The destruction of human embryos in England can be seen as another case of reproductive technology outpacing the law. Research into in-vitro fertilization, while designed to help infertile couples, did not immediately take into account the moral and ethnical questions surrounding the treatment of “spare” embryos.

Britain in fact, was a pioneering nation in the science of in-vitro fertilization, and perhaps it is no surprise that it is the first nation to have to deal with the large-scale destruction of human embryos.
In the light of what has been described as “a prenatal massacre” by the Vatican, a number of countries must now re-examine laws and attitudes regarding human embryos.

In the United States, there is only limited regulation of in-vitro fertilization centres. As reported in the Washington Post recently, an effort to set guidelines for federally-funded embryo research did not progress beyond the National Institutes of Health. Clinics remain free to come up with their own systems for dealing with longer-term storage of human embryos.

It’s a pattern similar to the Canadian example, where self-policing guidelines on new reproductive research were only recently replaced by the introduction of federal legislation. To date, however, Canada has no specific law governing storage of human embryos.

The treatment of human embryos also has implications for marriage and divorce law. A 1992 Tennessee case highlighted another gap in current legislation when a divorced couple got into a custody battle over seven frozen embryos. The wife wanted implantation and a child, while the husband was opposed. The Tennessee Supreme Court eventually back the husband’s position, arguing that a man cannot be forced to father a child against his will. As a result, the seven embryos in questions were destroyed.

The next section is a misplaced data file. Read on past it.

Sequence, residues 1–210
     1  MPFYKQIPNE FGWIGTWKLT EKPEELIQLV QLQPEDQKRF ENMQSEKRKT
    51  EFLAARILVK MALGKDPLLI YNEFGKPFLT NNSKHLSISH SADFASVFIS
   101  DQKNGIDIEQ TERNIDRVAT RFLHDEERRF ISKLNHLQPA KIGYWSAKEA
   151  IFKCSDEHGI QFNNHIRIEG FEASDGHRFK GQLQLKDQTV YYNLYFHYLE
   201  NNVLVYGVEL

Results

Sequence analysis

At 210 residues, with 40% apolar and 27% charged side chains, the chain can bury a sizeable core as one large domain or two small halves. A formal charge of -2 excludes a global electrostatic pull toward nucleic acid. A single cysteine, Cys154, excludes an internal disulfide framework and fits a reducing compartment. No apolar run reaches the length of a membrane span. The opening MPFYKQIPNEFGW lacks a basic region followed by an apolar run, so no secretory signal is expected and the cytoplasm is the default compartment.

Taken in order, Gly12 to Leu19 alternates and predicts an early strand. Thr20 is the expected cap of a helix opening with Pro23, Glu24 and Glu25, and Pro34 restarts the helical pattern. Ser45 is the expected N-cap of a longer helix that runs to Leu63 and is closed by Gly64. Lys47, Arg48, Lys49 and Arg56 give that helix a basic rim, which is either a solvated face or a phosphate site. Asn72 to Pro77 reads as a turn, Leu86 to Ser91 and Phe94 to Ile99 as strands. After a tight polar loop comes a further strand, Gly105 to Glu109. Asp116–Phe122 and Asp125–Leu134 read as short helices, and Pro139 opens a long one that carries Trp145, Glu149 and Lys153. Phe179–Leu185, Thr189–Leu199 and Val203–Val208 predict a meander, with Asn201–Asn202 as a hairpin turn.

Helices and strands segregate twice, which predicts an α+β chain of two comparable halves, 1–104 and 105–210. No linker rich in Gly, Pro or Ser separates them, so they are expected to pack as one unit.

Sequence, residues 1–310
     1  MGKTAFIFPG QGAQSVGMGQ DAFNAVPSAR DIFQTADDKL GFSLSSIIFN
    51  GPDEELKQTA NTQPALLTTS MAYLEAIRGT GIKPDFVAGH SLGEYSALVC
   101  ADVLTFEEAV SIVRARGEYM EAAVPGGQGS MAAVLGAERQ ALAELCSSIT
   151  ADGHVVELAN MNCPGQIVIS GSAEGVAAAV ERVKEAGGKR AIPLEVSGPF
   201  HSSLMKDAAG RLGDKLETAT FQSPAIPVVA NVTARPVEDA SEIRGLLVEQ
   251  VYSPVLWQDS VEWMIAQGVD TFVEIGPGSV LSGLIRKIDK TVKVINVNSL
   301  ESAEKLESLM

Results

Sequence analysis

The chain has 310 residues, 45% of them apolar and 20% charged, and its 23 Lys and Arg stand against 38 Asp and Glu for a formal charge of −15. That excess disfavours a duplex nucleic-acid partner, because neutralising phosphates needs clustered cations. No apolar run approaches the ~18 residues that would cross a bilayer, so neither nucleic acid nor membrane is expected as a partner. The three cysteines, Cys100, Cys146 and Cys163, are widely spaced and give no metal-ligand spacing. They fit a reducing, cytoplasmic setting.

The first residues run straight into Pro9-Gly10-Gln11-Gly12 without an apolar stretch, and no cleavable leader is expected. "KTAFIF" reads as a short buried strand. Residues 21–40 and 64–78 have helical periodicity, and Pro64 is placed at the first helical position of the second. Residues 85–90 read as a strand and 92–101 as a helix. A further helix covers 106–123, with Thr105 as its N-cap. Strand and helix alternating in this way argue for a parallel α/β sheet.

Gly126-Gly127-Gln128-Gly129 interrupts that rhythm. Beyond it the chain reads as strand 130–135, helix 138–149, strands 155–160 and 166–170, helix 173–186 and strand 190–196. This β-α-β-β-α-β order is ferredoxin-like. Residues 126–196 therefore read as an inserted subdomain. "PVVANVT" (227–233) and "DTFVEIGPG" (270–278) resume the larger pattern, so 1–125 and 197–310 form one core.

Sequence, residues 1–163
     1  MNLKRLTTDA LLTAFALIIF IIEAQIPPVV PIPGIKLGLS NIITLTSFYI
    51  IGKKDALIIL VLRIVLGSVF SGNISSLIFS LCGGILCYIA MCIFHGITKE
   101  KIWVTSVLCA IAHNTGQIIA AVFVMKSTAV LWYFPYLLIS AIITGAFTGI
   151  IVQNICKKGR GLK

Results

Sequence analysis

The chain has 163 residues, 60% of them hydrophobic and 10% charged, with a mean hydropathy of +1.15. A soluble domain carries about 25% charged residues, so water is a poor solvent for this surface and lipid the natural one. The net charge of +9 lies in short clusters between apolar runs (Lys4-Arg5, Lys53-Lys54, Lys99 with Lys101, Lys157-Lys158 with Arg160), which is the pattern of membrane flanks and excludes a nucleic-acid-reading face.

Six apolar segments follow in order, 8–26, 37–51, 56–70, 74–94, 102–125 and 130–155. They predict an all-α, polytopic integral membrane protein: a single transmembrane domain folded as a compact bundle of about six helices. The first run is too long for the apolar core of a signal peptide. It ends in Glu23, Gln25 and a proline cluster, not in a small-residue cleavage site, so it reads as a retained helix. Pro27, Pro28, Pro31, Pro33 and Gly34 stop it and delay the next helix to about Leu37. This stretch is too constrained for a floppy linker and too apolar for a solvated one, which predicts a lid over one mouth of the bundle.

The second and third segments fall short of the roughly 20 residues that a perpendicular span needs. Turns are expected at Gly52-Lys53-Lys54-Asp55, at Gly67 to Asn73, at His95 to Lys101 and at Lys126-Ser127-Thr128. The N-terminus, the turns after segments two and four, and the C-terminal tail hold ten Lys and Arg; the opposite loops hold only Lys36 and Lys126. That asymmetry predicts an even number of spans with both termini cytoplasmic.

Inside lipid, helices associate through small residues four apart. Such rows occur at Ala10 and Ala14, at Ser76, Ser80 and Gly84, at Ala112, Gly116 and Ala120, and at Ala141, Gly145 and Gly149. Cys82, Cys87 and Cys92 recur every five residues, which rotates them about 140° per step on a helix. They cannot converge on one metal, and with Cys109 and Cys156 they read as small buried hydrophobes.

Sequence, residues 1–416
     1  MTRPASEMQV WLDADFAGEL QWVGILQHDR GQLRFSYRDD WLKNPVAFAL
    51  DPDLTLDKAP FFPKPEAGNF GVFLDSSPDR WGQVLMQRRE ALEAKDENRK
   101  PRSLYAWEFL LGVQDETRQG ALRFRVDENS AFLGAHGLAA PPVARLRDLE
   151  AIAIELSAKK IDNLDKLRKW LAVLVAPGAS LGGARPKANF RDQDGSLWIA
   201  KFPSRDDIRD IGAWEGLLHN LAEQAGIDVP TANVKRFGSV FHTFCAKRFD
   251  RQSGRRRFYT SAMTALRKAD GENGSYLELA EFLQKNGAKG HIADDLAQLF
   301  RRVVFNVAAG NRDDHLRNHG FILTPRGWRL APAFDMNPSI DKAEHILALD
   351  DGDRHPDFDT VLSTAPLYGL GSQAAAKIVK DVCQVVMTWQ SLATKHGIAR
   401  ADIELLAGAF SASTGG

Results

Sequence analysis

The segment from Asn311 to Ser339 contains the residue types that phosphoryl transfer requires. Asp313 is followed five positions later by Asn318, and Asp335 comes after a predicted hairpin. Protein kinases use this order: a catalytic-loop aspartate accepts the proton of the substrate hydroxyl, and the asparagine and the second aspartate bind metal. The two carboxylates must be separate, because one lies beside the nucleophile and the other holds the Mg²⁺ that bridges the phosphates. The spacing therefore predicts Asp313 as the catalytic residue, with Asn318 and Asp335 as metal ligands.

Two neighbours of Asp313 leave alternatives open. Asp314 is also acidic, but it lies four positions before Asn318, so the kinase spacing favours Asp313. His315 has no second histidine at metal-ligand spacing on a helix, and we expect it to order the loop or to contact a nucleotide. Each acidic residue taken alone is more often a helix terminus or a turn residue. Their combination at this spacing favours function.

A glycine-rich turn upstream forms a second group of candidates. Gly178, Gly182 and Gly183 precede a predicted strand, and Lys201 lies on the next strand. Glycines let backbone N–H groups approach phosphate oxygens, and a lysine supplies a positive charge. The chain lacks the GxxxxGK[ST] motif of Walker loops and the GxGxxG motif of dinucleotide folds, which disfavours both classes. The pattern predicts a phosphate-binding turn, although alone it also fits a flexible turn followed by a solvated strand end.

But while governments the world over look for answers, Health Canada has made an appeal to Canadians for input into embryo storage. A senior policy analyst with Health Canada recently invited Canadians to forward their comments on the matter to the federal government.

Canadians have until September 30 to contact the health department with their views. The government says it will consider the views of ordinary Canadians before bringing in legislation to regulate fertility clinics.

Health Canada claims it is seeking input from Canadians in response to June, 1996 position paper, and not as a result of the massive embryo destruction in Britain last month.

Whatever the motives, the Health Canada initiative represents an opportunity for pro-life, pro-family Canadians to let the federal government know where they stand on this important life issue. A strong response could help prevent the British situation from being repeated in this country.